In maintaining code, I'm encountering loops, where at the end of the loop several variables are set to NULL like so: $var = NULL;. From what I understand in the manual, NULL is meant mostly as something to compare against in PHP code. Since NULL has no type and is not a string or number, outputting it makes no sense.

I unfortunately cannot provide an example, but I think the NULL values are being written to a file in our code. My question is: does $var have a value after the assignment, and will echoing/writing it produce output?

EDIT: I have read the PHP manual entry on NULL. There is no need to post this: http://php.net/manual/en/language.types.null.php in a comment or answer, or top downvote me for not having RTM. Thank you!

  • 1
    I mentioned in my post, before I edited it, that the manual does not answer my question. I sort of meant to imply that I'd actually read it. I assume you're one of the downvoters? Thanks a lot man. – toon81 Jun 22 '12 at 15:09
  • You might want to add some actual (relevant) code showing how NULL is used. Otherwise you'll only get RTM-like answers, as your questions seem to point out that you do not understand the use of NULL (in PHP) – Veger Jun 22 '12 at 15:11
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    I down-voted your question, because it is vague, it contains unnecessary details about your job and lacks relevant details on the use case. This results in the variety of (supposedly) non-helping answers. My down-vote is not because to did or did not read the manual (although that was also not very clear before your edit) – Veger Jun 22 '12 at 15:17
  • How is it now? (apart from the lack of use cases, of course) – toon81 Jun 22 '12 at 15:29
  • Also, thanks for explaining the downvote! I don't mind downvotes but I'd like to learn from them :) – toon81 Jun 22 '12 at 15:30
[ghoti@pc ~]$ php -r '$i="foo"; print "ONE\n"; var_dump($i); unset($i); print "TWO\n"; var_dump($i); $i=NULL; print "THREE\n"; var_dump($i); print "\n"; if (isset($i)) print "Set.\n"; if (is_null($i)) print "is_null\n";'
string(3) "foo"
[ghoti@pc ~]$ 

The result of isset() will be boolean false, but the variable is still defined. The isset() function would be better named isnotnull(). :-P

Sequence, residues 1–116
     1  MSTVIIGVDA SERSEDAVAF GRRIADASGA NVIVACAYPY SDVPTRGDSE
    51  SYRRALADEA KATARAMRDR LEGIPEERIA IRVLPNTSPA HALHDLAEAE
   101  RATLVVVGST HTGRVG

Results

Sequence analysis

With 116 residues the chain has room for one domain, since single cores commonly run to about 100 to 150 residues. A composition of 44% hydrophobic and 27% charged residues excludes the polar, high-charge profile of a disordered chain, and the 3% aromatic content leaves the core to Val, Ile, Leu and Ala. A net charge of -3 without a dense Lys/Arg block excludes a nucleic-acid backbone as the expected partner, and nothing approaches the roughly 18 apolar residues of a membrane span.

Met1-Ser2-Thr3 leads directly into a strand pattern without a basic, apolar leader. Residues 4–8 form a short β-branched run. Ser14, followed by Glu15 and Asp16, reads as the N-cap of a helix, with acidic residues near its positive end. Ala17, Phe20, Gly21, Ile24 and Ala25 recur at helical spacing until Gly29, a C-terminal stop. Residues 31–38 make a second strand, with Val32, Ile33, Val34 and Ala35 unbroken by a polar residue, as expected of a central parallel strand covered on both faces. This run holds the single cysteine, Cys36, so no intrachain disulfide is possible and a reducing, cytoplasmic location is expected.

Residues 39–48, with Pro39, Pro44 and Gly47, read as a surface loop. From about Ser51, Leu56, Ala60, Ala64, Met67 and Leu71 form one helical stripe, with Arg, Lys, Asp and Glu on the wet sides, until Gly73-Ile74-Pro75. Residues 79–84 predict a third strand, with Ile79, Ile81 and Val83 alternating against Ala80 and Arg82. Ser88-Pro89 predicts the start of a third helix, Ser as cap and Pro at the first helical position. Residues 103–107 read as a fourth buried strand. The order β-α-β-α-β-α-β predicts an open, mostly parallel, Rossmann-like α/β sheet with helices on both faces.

Note that is_null() will also return true for a value that has never been set.

Yay PHP.


null is pretty much just like any other value in PHP (actually, it's also a different data type than string, int, etc.).

However, there is one important difference: isset($var) checks for the var to exist and have a non-null value.

If you plan to read the variable ever again before assigning a new value, unset() is the wrong way to do but assigning null is perfectly fine:

php > $a = null;
php > if($a) echo 'x';
php > unset($a);
php > if($a) echo 'x';
Notice: Undefined variable: a in php shell code on line 1
php >

As you can see, unset() actually deletes the variable, just like it never existed, while assigning null sets it to a specific value (and creates the variable if necessary).

A useful use-case of null is in default arguments when you want to know if it was provided or not and empty strings, zero, etc. are valid, too:

function foo($bar = null) {
    if($bar === null) { ... }

A variable could be set to NULL to indicate that it does not contain a value. It makes sense if at some later point in the code the variable is checked for being NULL.

A variable might be explicitly set to NULL to release memory used by it. This makes sense if the variable consumes lots of memory (see this question).

Dry run the code and you might be able to figure out the exact reason.


It appears that the purpose of the null implementation based off of the information provide is to clear the variable.

You can unset a variable in PHP by setting it to NULL or using the function unset().

unset() destroys the specified variables.

The behavior of unset() inside of a function can vary depending on what type of variable you are attempting to destroy.

If a globalized variable is unset() inside of a function, only the local variable is destroyed. The variable in the calling environment will retain the same value as before unset() was called.


Null in PHP means a variable were no value was assigned.


  • I'm afraid that was not my question. I made sure to RTFM before posting... :) – toon81 Jun 22 '12 at 15:03
  • It is usually a good idea to link to the english version of a manual instead of its $other_language version. – ThiefMaster Jun 22 '12 at 15:05
  • @toon81 well the manual does seem to answer your question(s) as it states the uses of null and even shows that $var = NULL is perfectly legal – Veger Jun 22 '12 at 15:09
  • Who says that that isn't legal? Read the title of the question. How does that manual page answer my question? – toon81 Jun 22 '12 at 15:18
  • sorry that it didn't answer your question correctly ! I understand now what you meant :-). Happy to see that ghoti answered your question correctly. – Arno 2501 Jun 29 '12 at 13:56

Null is a special data type which can have only one value, which is itself. Which is to say null is not only a data type but also a keyword literal a variable of data type null is a variable that has no value assigned to it when a variable is created without a value it is automatically assigned a value of null this is so that whatever garbage was in that memory location before is cleared out otherwise the program may try to process it

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